Tuesday, 20 March 2012

Pre-Christian Temple Discovered in Norway

Excavations for house foundations at Ranheim, Norway, have uncovered a small "gudehovet" or "god temple," a structure used by pre-Christian Pagan peoples. Used from around the eighth or ninth centuries BCE until the 10th century AD/CE, the site is well preserved because it was covered over by its worshippers with a thick layer of peat, apparently in order to protect it from marauding Christians. It is surmised that the site's inhabitants fled Christian invaders, who were known to slaughter the natives and destroy their sacred sites. The covering over of the site coincides with an exodus recorded in ancient Norse sources, around the time of the first Norwegian king, Harald Fairhair (872-930). These Norse writings were later composed in Iceland, relating that some 40 people had come there from the area of Trøndelag, Norway.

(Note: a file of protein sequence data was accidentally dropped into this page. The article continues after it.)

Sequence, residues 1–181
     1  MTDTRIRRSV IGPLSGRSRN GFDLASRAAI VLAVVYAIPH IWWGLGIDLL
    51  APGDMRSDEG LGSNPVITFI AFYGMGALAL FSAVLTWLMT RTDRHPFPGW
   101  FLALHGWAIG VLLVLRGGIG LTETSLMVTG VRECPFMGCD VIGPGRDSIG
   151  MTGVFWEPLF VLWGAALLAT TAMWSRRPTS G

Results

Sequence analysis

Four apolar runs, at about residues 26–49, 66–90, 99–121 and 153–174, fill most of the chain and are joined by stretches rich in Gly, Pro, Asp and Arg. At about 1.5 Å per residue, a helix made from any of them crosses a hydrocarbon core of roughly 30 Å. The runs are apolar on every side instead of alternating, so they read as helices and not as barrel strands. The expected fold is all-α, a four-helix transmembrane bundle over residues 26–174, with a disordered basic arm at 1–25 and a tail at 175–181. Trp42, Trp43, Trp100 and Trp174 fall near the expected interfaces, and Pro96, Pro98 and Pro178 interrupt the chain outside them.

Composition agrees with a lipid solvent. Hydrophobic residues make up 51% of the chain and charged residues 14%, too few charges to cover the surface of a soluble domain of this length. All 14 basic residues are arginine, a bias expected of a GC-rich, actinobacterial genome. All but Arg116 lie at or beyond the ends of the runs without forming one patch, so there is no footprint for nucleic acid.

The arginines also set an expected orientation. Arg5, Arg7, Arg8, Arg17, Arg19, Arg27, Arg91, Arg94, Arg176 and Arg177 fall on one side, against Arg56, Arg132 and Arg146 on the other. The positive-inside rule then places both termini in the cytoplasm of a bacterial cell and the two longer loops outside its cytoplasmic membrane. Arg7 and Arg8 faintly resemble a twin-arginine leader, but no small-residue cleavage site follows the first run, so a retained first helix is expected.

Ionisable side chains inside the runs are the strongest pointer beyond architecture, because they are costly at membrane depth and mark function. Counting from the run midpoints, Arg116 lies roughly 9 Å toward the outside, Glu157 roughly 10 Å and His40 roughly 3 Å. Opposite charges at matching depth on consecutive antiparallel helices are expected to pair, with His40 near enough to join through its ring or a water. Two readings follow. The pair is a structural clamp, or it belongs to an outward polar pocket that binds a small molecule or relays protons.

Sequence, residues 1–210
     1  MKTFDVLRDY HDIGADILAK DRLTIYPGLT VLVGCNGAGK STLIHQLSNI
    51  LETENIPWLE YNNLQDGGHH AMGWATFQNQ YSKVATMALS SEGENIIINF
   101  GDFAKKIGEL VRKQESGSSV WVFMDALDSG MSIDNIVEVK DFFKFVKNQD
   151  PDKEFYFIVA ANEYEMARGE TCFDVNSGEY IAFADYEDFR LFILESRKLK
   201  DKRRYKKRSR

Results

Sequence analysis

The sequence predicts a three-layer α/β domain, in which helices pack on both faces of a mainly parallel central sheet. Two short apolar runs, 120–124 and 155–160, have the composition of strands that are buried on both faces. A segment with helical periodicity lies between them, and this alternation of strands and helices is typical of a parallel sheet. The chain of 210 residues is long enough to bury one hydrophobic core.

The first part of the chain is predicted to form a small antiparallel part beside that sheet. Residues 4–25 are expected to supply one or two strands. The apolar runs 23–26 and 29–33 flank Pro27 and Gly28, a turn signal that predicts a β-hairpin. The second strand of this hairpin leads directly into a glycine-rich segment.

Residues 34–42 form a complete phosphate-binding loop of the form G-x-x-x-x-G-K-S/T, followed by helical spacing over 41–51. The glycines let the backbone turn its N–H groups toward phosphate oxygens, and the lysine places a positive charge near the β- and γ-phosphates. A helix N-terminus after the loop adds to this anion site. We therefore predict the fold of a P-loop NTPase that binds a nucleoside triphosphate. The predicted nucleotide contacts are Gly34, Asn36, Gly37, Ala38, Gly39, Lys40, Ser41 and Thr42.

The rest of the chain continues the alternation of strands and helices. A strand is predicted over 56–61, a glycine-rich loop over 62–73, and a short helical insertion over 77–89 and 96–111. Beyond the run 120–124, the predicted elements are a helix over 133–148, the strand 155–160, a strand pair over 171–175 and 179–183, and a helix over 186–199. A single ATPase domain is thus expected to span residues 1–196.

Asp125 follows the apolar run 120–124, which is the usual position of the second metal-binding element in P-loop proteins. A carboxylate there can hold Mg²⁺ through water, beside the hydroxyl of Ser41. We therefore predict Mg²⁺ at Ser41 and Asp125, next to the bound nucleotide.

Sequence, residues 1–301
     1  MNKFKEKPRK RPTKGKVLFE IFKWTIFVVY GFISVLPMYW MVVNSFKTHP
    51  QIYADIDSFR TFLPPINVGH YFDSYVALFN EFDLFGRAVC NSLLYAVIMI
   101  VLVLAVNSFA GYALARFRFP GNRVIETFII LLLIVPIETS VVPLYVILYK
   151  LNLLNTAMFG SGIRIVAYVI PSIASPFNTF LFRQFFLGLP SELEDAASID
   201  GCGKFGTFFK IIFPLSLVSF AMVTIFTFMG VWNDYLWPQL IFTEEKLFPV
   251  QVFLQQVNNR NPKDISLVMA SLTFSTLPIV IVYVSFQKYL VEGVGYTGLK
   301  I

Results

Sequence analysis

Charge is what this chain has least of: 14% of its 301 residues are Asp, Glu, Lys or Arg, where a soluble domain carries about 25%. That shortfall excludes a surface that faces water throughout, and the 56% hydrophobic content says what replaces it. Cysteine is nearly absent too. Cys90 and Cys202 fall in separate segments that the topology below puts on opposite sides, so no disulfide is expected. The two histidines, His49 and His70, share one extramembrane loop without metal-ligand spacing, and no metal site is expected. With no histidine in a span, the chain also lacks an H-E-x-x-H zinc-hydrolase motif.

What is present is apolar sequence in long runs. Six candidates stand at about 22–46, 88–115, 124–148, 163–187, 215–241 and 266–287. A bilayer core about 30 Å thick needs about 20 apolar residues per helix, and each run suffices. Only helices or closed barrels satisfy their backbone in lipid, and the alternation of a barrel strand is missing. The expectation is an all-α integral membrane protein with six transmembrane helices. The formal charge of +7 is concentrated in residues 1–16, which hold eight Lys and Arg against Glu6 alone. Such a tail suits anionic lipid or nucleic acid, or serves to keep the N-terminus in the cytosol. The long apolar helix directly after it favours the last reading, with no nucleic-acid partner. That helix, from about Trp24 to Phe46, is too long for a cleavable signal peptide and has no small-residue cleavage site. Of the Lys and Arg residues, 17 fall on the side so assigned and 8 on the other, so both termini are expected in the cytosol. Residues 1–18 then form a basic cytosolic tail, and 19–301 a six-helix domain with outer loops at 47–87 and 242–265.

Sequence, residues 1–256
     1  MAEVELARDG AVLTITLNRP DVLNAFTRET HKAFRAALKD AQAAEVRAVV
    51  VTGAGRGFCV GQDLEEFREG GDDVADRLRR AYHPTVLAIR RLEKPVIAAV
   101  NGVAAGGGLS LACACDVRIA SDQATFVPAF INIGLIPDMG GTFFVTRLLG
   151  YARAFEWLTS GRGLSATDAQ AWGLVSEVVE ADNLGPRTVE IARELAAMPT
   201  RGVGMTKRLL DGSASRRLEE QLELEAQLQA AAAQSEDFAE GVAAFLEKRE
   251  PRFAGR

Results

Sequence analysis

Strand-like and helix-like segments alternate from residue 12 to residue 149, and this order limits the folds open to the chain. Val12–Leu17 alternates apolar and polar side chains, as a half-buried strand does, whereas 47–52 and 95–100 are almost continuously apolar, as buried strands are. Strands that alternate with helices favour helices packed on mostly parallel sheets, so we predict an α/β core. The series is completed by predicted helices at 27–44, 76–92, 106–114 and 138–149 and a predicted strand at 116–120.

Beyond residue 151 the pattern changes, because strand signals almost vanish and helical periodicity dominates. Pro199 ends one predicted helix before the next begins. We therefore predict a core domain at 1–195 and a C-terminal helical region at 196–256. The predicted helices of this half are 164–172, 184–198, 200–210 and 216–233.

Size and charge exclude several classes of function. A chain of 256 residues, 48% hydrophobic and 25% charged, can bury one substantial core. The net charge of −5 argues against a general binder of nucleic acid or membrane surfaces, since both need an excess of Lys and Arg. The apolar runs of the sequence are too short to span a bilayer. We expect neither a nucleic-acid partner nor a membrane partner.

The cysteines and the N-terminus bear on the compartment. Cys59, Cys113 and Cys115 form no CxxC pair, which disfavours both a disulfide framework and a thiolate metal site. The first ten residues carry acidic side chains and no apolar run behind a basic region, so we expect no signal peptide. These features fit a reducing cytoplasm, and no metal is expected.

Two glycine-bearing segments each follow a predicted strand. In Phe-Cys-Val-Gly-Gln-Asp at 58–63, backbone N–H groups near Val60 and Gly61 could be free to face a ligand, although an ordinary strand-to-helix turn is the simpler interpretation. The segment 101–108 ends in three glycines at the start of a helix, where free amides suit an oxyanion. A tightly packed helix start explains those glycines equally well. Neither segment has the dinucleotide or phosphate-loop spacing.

Regarding this discovery at Ranheim, head archaeologist Preben Rønne of the Science Museum/University of Trondheim remarked, "Indications are that the people who deliberately covered up the god temple at Ranheim took the posts from the stave house/pole building, in addition to the soil from the altar, to the place where they settled down and raised a new god temple. Because our findings and the Norse sources work well together, the sources may be more reliable than many scientists believed."